Helene and Michael Kates
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Helene and Michael Kates

Atlanta, Georgia, United States | INDIE

Atlanta, Georgia, United States | INDIE
Band Folk Singer/Songwriter


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This band has not uploaded any videos



"Beyond Walls"

When I first emailed Helene Kates, a singer and songwriter, about being a guest at a writing workshop I facilitate at Metro State Prison, she was hesitant. Jane Davis, the director of HOPE-HOWSE, had asked me to contact her. My email request went unanswered, and I wondered why. All I knew about Helene was a few fleeting moments I had been with her at HOPE-HOWSE functions, never really having spoken to her except a surface hello.

As I checked my email the following week, my request to her still lay dormant in my sent box, lonely and unrequited. I decided to email her again.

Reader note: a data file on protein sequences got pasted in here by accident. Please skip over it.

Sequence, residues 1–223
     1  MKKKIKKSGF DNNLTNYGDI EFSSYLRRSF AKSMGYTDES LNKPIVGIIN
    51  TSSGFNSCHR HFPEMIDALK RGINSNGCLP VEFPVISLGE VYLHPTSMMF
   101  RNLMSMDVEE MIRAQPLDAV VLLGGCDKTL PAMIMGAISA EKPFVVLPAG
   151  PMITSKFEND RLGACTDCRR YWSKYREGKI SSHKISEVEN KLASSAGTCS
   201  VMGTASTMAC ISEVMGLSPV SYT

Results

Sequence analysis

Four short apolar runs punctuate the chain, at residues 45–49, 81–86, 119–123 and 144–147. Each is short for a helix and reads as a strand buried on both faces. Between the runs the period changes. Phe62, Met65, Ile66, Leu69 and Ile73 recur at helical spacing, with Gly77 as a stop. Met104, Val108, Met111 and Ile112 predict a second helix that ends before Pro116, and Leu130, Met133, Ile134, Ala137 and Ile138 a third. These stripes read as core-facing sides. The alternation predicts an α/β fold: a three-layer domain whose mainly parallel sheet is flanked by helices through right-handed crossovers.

Her reply – “I kept putting off calling. Kept meaning to but I guess my fear was helping me to put it on the back burner. I am really glad you emailed me again. I would love to talk to you as well.”

I immediately called this woman who I barely knew, but to whom I felt connected in the moment when I read her words.

“I’m so glad you called,” she said. She admitted that she wanted so much to go with me, but she was terrified…afraid for her physical safety. Never having been even near a prison, her only conception of what lay behind the barbed wire was one of fear and violence – images of violent criminals she had only been exposed to on television and in movies.

I could feel her resistance. I could taste her fear, I was cloaked in her discomfort. But, somehow, woven in with the fear, I felt a longing, a yearning to connect with women she had no understanding of, women that until now were not even on the periphery of her world. I heard her cry to pull her out of her complacency into the domain that fear cannot touch – the call to make a difference, the courage to go in spite of her fear. She later told me, “I was so scared, but a little voice kept telling me this is what I needed to do.”